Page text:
PMW 2018-059 by R. T. France

Gentry introductory note:
As I am researching my commentary on Matthew 21–25 (the contextual unit in which the Olivet Discourse appears in Matthew), I have stumbled across a helpful older work by R. T. France: Jesus and the Old Testament. (By the way, I literally stumbled over this work: I already owned, it was in my library, and it fell out when I reached for another book.)

In the Appendix to his study, he gives a brief exegesis of Mark 13, which argues for a transition from AD 70 to the Final Judgment (just as I argue in my work on Matt. 24

He puts the matter well, so I will share it with my readers.

So now, let us hear R. T. France on Mark 13 and the transition from Jesus’ prophecy regarding AD 70 to his prophecy of the Final Judgment. The following is taken from Jesus and the Old Testament  (p. 232):

Given this context, it would take a quite incontestable exegesis of [Mark 13:] 24–27 in terms of the Parousia [i.e., the Second Advent] to shake the conviction that the reference must be to the fall of Jerusalem. As we shall see, such exegesis is not forthcoming.

We maintain then that unless the wording demands it, the introduction of a reference to the Parousia into this chapter before verse 31 is quite gratuitous, and destroys its natural sequence of thought. There is, of course, a reference to the Parousia in Matthw2 24:27, but this is with the express purpose of differentiating it from the events under consideration, stating that it is not to be confused with the events at the siege and fall of Jerusalem: it will be no localized event, but universally and unmistakably recognized. The reference to the Parousia here, therefore, further confirms that in this section of the chapter the Parousia is not being described.

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In verse 32 (Mt. 24:36) we are introduced, it seems to a new subject. There is, first, the fact that whereas the preceding verses have describe an event shortly to occur, and definitely within a generation, this verse introduces an event of the date of which Jesus explicitly disclaims any knowledge. Further, the phrase de tes hemeras ekeines (‘but of that day’) is a clearly as possible setting the day it describes in contrast with what has preceded. The phrase he hemera ekeine (‘that day’) is a new one in this chapter. The events of AD 66–70 have been described as tauta panta (‘all these things’), and as ekeinai hai hemerai (‘those days’) (verses 17, 19, 24; and Mt. 24:22), but the singular has not yet occurred. The inference is clear that a new and distinct day is being described.

In both Mark 13:32ff., therefore, and, more obviously still, Matthew 24:36ff., we come to a new section, in which the fall of Jerusalem is left behind, and the Parousia introduced, thus answering the second half of the Matthean version of the disciples’ question. In Matthew 24 this section is greatly expanded …, and continues without a break into the peculiarly Matthean chapter 25 with its parables of judgment. Thus Matthew 24:36–25:46 is a unity in that it all refers to the final judgment, which coincides with the Parousia.”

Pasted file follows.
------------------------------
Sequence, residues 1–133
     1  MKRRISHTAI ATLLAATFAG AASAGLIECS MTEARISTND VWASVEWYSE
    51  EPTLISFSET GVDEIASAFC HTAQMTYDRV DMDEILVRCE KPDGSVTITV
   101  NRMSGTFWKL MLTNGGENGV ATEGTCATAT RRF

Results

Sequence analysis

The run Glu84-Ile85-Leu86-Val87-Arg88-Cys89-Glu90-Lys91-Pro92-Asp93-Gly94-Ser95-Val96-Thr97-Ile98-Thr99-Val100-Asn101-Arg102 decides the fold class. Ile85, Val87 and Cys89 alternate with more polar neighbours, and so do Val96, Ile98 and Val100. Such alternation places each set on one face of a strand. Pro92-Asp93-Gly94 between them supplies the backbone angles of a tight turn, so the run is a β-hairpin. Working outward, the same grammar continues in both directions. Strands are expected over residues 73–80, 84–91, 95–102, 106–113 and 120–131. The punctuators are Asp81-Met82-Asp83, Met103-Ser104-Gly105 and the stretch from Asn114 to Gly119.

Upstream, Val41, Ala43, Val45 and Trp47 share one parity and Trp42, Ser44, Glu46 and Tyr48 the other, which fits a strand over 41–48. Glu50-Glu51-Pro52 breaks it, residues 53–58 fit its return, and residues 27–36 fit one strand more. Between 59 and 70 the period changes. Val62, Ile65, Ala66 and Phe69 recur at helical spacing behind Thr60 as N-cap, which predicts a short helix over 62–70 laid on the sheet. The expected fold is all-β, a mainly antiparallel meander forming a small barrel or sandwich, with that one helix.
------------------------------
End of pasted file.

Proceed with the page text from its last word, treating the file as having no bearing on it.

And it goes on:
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Two hour public debate between Ken Gentry and Thomas Ice on the Olivet Discourse.

See more study materials at: www.KennethGentry.com

We conclude, then, that the context suggests strongly that verses 24–27 [of Mark 13] will describe the fall of Jerusalem, and not the Parousia; indeed, unless the wording makes such an exegesis quite impossible, we might say that the context demands it. But in fact the wording not only allows, but even encourages such an interpretation, when seen against its Old Testament background.

Gentry concluding note:

I highly recommend the exegetical works of R. T. France. I do not always agree with him, but he is always insightful and usually correct!


I am currently researching a commentary on Matthew 21–25, the literary context of the Olivet Discourse from Matthew’s perspective. My research will demonstrate that Matthew’s presentation demands that the Olivet Discourse refer to AD 70 (Matt. 24:3–35) as an event that anticipates the Final Judgment at the Second Advent (Matt. 24:36–25:46). This will explode the myth that Jesus was a Jewish sage focusing only on Israel. The commentary will be about 250 pages in length.

If you would like to support me in my research, I invite you to consider giving a tax-deductible contribution to my research and writing ministry: GoodBirth Ministries. Your help is much appreciated!


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  1. Trent July 24, 2018 at 2:40 pm

    I am curious, what was the early church’s view on the Olivet and the 2nd Advent?
    Tangentially related, what was the ground of Jesus not going directly to the Gentiles? I have heard numerous ideas but, today much of the arguing for a certain view seems to come from 2nd Temple expectations that is believed that Jesus held to.

  2. Kenneth Gentry July 25, 2018 at 3:06 pm

    The early church has always held to a future Second Coming (which truth is embedded in all the ecumenical creeds). Eusebius is one church father who clearly held that Matt. 24 referred to the destruction of the Temple in AD 70, though there are others.

    The reason Jesus did not go immediately to the Gentiles was that the gospel is to the Jews first, then also to the Greek. It was God’s plan that Israel to convey the gospel to the nations (Exo. 19:5-6; Isa. 2:2-4), so Jesus gave them the first opportunity to respond. When they did not, he turned from them and re-directed the ministry of the gospel to the nations (Matt. 28:19; Luke 24:46; Acts 1:8).

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